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Acetaminophen (Tylenol®) toxicity is a common cause of acute liver failure in children and adolescents. Acetaminophen, also known as paracetamol and N-acetyl-p-aminophenol (APAP), is primary used for the treatment of pain and/or fever, but is also a component in numerous medications, including Percocet®, Alka-Seltzer® Plus Cold & Sinus, Dayquil®, and Excedrin®. Acetaminophen is an effective pain-relieving and fever-reducing agent when taken in the recommended daily dose.
Acetaminophen toxicity can occur purposefully (when a person knowingly takes more than the recommended maximum daily dose) or accidentally (when a person is unaware they are taking multiple products containing acetaminophen and exceeds the recommended maximum daily dose). The maximum recommended dose is 4 grams/day in an adult and 90 mg/kg/day in children. People with underlying liver disease or those with chronic alcohol consumption are at an increased risk of developing hepatotoxicity (liver damage from chemicals) with use of acetaminophen.
Initial symptoms of acetaminophen toxicity can take up to 12 hours to appear. Symptoms include:
A doctor’s first step in diagnosing acetaminophen toxicity is to get a complete history, including the time the medication was ingested, the amount of medication that was ingested, and what form of the medication was ingested. A diagnosis of acetaminophen toxicity is usually confirmed through diagnostic tests, including an acetaminophen level, electrolytes, kidney function tests, amylase, lipase, liver function tests, complete blood count, and coagulation factors. Imaging studies, such as an ultrasound may be used to assess liver enlargement. A liver biopsy may also be ordered.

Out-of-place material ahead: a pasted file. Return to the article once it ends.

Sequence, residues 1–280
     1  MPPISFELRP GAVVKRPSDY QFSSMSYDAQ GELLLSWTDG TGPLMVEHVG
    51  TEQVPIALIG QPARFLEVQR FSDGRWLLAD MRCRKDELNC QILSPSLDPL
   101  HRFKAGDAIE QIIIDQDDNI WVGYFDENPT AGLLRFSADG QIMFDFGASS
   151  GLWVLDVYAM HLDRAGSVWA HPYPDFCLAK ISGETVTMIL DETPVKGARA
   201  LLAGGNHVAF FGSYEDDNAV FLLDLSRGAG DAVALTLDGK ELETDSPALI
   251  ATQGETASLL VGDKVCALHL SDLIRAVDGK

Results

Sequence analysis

Timing is a vital factor in the treatment of acetaminophen toxicity, and therefore doctors attempt to begin treatment of acetaminophen toxicity within eight hours of ingestion in order to achieve the best possible outcome for the patient. The majority of patients survive acetaminophen toxicity with supportive care such as intravenous fluids and anti-nausea medication, activated charcoal, if used within one hour after ingestion, and antidotal therapy, including N-acetylcysteine (Acetadote®, Mucomyst®).
For patients who fail the above therapies and develop liver failure, liver transplantation may be the only treatment option. Doctors will determine if transplantation is necessary if the above tests are significantly abnormal and the patient has developed hepatic encephalopathy, a disorder of the brain caused by a dysfunctional liver.
Learn about other Liver Disease States.
Children's Hospital's main campus is located in the Lawrenceville neighborhood. Our main hospital address is:
Children’s Hospital of Pittsburgh of UPMC
One Children’s Hospital Way
4401 Penn Ave.
Pittsburgh, PA 15224
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